Arsene Wenger 1,000 matches: Arsenal manager stresses that landmark is not as important as getting a result against Chelsea

Wenger acknowledges his 1,000th match in charge of the Gunners is a 'big honour' but wants to recognise his success with the Premier League title

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The Independent Football

Arsene Wenger has admitted it is a “big honour” to reach his 1,000th match in charge of Arsenal this weekend, but has stressed that the game against Chelsea will be far more important to get a result that keeps them in the Premier League title race.

Wenger has been praised for the landmark – which he will reach when he walks out of the Stamford Bridge tunnel on Saturday afternoon – and he recognises the achievement in a job where defeat in the next game can cost you your job.

“It is a big honour to stay such a long time in such a big club, and (reaching 1,000 games), we cannot predict,” said Wenger.

“We are in a job where you go for the next game and try to do well in that next game. Then step by step, sometimes you get to 1,000.

“Honestly, I am conscious I represent my club and that is much more important than what is happening to me, so that game (against Chelsea) will not be important because it is my 1,000th game, but it is what is at stake for our season and for our club.”


However, the Gunners’ manager did admit that when he eventually retires, he can look back on his early years in north London with a lot of pride. He goes on to admit though that the last few years have not gone to plan, and he wants his current crop of talent to show “more commitment and strength” to end their trophyless run that stretches back to 2005’s FA Cup success.

“I believe that when one day I look back at the first years, I will be very proud of what I did - the second period has been a more difficult period, a trophyless period, but it has been much more difficult, much more sensitive and we needed much more commitment and strengths than the first part of my stay here,” he continued.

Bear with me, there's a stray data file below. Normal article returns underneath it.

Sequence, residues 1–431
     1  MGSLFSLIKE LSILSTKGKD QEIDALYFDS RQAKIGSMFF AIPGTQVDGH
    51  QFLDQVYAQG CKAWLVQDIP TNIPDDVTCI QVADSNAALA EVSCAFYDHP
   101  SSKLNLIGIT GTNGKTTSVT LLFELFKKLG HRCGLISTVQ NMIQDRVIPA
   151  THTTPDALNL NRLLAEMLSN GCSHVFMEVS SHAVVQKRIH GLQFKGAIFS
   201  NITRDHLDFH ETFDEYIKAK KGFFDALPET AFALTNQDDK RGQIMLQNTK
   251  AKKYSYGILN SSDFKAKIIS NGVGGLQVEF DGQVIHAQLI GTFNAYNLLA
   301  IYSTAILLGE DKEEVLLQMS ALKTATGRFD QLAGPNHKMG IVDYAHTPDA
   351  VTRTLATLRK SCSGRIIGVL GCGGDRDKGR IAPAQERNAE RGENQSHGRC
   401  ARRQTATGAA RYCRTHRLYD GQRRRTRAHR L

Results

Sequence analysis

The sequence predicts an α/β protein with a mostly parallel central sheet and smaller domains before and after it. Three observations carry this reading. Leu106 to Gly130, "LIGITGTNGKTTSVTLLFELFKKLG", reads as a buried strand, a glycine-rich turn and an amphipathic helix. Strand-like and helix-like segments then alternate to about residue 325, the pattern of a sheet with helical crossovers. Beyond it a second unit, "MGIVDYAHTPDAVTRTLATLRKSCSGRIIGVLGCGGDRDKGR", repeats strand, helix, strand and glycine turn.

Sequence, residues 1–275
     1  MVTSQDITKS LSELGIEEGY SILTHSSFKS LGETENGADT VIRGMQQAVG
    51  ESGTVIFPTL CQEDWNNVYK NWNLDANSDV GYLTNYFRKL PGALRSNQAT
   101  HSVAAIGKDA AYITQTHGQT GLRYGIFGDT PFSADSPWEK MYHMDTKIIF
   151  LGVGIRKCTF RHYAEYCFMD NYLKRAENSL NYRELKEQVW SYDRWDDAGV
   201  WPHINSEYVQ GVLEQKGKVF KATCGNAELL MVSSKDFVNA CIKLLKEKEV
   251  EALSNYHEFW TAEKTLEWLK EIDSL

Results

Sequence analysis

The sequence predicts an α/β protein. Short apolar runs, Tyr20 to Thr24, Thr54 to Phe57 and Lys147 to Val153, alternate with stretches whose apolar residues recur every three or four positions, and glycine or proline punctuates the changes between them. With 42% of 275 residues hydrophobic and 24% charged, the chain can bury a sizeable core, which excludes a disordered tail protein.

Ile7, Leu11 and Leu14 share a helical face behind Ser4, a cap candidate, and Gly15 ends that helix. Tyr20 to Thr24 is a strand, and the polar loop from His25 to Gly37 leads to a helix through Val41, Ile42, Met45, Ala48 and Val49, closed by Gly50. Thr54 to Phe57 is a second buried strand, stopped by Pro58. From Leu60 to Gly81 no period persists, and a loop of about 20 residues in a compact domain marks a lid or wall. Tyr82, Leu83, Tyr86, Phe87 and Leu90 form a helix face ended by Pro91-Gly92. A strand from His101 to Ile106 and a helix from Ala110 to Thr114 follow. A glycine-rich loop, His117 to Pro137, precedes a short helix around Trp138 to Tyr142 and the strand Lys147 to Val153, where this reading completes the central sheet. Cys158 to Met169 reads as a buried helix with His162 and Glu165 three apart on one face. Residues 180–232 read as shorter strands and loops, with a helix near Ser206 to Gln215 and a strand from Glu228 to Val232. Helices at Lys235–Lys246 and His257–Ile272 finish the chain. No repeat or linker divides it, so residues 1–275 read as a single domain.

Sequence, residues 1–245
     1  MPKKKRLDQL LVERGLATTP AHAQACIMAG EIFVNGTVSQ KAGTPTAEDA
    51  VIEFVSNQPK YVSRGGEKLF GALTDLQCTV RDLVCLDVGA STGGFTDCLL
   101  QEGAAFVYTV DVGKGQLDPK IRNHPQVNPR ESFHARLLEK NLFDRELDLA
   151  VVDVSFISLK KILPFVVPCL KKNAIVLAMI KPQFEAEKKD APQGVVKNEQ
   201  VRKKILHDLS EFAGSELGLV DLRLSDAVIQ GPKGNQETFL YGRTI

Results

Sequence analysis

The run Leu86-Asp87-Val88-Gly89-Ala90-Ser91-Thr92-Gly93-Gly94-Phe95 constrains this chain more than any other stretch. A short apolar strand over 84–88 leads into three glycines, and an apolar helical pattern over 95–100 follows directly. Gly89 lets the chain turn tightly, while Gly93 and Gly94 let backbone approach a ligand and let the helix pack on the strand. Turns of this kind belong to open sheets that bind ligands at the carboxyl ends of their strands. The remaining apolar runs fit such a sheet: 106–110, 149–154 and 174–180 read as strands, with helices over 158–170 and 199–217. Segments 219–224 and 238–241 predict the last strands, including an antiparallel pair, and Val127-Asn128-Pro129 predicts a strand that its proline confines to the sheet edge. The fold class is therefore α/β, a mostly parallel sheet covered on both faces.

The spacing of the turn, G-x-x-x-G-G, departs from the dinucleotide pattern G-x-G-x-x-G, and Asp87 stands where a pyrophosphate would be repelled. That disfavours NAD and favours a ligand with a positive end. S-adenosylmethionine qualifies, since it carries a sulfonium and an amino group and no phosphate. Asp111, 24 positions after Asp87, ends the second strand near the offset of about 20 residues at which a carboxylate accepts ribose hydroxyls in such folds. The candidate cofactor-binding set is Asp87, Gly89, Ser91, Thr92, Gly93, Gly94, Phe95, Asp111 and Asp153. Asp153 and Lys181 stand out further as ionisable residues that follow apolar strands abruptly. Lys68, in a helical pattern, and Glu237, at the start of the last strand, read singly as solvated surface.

“I went for a change that I knew would be difficult because we had to fight with clubs who could survive losses of £150million a year, and we had to make £30million (to finance the new stadium payments) and on top of that we had people saying 'you have to beat them' - if I ask you tomorrow to race with Usain Bolt and win the race, you will realise quickly it is difficult.

“(But) I think we can be proud of the consistency of our achievement at the club.”

The 64-year-old also added that there was a time where he acknowledged the Premier League title was out of the club’s grasp due to their financial restrictions from building the Emirates Stadium, but explained that they now stand a realistic chance of winning the title they have not claimed since the ‘Invincibles’ of 2003-04.

“I accepted to stay here a long time knowing that we had little chance to win the Premiership, but I think now we are in a position again where we can fight with other clubs to sign big players,” Wenger added.

“I have the energy, believe me, and the excitement, but I want to do well.

“I do not stay here because I have been here a long time, but because I feel I respond to the expectation of our fans and of the people of the club, it is as simple as that.

"People want us to win the championship, people want us to win trophies, and that is what I want to do."